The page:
Northrop Corp.'s sales for 1976 passed the $1 billion mark for the first time in the company's 38-year history, due largely to a marked increase in aircraft sales.
Northrop, in announcing a boost in its quarterly dividend to 50 cents from 35 cents, predicted that record results in 1976 should lead to "significant gains" again this year.
The industrial firm's sales for the year ending Dec. 31 reached $1.26 billion, and increase of 28 per cent over the $988 million reported in 1975. Net income for Northrop was $36.3 million, 47 per cent more than the $24.7 million reported in 1975.
Thomas V. Jones, chairman and chief executive officer, said the record year reflects greater F5 aircraft program sales volume, burgeoning support services business and continuing growth in productivity, which has averaged more than 6 per cent annually for more than a decade in the company's major manufacturing operations.
Primary earnings per share for 1976 totaled $5.76, 33 per cent more the year, Northrop had sales for $351.4 million, 25 per cent more than the $281.6 million logged in the final quarter of 1975. Net income for the final quarter was $15 million compared with $7.3 million a year ago.
Fourth-quarter earnings for Occidental Petroleum Corp. last year were four times higher than in 1975, the firm has announced. Occidental is the nation's 11th largest oil company.
The firm said net earnings for the last quarter of 1976 were $17.7 million ($1.14 a share) on sales of $1.6 billion. In the previous year, the firm earned $17.7 million (20 cents) on sales of $1.1 billion.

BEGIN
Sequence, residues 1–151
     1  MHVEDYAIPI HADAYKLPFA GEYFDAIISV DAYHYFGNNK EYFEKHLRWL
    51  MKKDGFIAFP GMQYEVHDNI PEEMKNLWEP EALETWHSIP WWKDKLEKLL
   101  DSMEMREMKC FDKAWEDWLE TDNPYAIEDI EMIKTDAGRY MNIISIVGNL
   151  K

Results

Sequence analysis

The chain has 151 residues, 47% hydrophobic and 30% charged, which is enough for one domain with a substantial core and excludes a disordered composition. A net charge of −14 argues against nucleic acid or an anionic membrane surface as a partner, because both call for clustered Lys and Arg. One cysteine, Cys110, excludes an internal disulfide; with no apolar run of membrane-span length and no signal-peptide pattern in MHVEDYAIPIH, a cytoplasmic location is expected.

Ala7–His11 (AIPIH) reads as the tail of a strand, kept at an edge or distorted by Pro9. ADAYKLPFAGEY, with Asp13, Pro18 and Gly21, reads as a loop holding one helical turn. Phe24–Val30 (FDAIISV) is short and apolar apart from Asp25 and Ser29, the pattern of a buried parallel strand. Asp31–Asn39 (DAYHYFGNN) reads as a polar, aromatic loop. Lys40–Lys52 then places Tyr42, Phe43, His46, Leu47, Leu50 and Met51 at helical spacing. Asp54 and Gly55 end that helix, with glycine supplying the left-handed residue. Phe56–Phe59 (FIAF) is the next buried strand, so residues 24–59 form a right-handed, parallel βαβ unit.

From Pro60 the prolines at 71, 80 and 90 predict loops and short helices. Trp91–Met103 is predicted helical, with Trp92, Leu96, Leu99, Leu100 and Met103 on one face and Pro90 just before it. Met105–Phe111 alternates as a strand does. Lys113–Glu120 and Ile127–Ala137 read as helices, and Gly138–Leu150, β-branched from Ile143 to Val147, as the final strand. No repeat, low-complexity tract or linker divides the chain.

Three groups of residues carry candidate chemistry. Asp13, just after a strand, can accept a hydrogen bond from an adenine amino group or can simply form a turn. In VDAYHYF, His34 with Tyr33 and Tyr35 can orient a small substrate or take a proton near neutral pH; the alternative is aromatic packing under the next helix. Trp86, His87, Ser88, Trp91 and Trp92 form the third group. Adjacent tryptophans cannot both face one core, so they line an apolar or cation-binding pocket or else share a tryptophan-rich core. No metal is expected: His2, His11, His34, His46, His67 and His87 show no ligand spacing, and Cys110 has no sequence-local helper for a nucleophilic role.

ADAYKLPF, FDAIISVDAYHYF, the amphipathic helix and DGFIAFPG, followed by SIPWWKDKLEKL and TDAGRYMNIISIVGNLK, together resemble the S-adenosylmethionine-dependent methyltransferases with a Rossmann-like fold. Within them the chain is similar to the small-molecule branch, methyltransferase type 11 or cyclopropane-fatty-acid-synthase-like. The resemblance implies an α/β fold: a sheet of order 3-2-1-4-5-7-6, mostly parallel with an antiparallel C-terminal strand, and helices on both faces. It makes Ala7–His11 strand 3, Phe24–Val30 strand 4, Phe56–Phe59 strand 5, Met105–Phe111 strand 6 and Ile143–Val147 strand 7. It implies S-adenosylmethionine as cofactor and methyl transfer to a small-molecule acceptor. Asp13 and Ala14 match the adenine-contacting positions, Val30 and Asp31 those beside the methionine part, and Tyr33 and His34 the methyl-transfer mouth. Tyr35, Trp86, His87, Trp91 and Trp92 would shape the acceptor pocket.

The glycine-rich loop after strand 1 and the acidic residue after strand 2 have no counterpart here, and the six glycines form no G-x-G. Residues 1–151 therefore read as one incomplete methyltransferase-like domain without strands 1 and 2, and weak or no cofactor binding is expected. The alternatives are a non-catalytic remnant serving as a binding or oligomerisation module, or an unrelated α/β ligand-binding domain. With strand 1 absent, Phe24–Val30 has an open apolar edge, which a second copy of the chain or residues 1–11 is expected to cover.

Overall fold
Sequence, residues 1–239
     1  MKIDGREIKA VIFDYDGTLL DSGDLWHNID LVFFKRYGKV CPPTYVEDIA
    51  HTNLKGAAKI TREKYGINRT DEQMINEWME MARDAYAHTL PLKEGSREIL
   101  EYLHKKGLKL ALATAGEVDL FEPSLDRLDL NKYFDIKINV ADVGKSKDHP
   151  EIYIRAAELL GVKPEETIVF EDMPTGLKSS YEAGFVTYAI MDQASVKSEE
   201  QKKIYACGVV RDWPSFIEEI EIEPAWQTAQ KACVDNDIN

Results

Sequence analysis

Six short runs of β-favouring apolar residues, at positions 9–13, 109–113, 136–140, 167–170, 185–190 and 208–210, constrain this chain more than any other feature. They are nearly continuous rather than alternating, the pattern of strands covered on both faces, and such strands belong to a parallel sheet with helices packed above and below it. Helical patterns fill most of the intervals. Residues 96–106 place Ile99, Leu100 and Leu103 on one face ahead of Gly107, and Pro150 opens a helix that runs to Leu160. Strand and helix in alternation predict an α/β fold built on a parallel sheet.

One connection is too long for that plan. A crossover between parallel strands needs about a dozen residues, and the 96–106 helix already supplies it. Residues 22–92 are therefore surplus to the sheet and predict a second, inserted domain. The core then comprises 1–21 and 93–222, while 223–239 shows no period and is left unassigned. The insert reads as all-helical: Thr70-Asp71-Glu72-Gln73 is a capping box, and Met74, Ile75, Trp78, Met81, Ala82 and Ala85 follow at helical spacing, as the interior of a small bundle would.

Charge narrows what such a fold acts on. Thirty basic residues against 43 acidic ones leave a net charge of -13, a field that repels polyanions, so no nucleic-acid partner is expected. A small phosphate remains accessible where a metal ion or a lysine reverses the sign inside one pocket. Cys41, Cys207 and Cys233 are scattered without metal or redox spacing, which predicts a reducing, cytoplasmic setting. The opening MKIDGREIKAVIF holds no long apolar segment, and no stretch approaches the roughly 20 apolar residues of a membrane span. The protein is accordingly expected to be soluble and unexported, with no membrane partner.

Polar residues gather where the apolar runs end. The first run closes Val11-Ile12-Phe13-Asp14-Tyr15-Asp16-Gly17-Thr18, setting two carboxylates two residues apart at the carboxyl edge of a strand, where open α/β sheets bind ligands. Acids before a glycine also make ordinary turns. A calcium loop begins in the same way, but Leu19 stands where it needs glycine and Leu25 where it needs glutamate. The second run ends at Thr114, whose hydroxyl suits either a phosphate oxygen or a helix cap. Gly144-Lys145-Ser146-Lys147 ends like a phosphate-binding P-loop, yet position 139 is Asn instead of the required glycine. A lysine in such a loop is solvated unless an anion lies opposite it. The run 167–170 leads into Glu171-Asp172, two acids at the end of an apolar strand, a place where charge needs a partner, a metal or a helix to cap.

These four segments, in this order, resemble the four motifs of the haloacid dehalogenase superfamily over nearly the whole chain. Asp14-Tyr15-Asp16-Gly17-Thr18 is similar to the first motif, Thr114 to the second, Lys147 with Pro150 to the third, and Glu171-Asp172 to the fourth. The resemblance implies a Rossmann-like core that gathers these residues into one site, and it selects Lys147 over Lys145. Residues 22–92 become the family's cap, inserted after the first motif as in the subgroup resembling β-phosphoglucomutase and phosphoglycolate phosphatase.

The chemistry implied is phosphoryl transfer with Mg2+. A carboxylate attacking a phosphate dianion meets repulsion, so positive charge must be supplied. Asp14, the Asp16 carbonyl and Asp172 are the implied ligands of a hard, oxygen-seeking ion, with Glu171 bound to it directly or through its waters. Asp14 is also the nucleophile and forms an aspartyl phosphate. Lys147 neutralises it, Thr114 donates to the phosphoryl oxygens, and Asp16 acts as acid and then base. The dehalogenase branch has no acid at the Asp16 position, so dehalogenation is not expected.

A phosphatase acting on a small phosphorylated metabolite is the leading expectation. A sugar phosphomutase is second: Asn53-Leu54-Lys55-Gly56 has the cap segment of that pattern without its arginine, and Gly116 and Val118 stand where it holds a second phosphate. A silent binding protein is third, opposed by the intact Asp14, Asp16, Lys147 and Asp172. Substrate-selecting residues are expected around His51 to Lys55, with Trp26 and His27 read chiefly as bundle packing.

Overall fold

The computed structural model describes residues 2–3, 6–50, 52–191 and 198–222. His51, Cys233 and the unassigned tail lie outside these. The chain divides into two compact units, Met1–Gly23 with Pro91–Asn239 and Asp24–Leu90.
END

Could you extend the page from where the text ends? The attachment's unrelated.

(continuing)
Net income for all of 1976 was $183.7 million, up 7 per cent from the $172 million it earned in 1975.
Company officials said the 1975 fourth-quarter earnings were depressed by a shutdown of Occidental's Libyan operations and a year-end charge against earnings of $19 million as a result of write-offs in Nigeria and Venezuela. Libyan operations were at an unusually high level in the last quarter of 1976, the firm said.
The Upjohn Co. has reported that sales and earnings in 1976 were in the highest in its 90-year history.
Sales were $1.025 billion, up 15 per cent over previous record sales of $890.7 million in 1975, officials said.
Net earnings rose 16 per cent to $77.6 million ($2.62 a share) from $66.7 million ($2.62) in 1975.
Sales for the fourth quarter of 1976 were $257.8 million, a record for the quarter and a 14 per cent increase from sales of $226.5 million for the year-earlier period. Fourth-quarter net earnings also set a record at $14.8 million. (50 cents), up 11 per cent from 1975 fourth-quarter earnings of $13.3 million (45 cents).
Playboy Enterprises, Inc., has reported a sharp upturn in earnings for the last six months of 1976, and a company official predicted earnings would continue to increase.
Net earnings for the period, which was the first half of Playboy's current fiscal year, totaled $5.12 million (56 cents a share) compared with $1.558 million (17 cents) for the same period in 1975. Revenues increased from $99.151 million to $116.448 million, Playboy said.
Net earnings for the second quarter of the fiscal year increased from $659,000 in 1975 to $1.352 million in 1976.
Derick J. Daniels, president and chief operating officer of Playboy, attributed the improvement to higher earnings from Playboy clubs in England and increased profitability of Playboy magazine.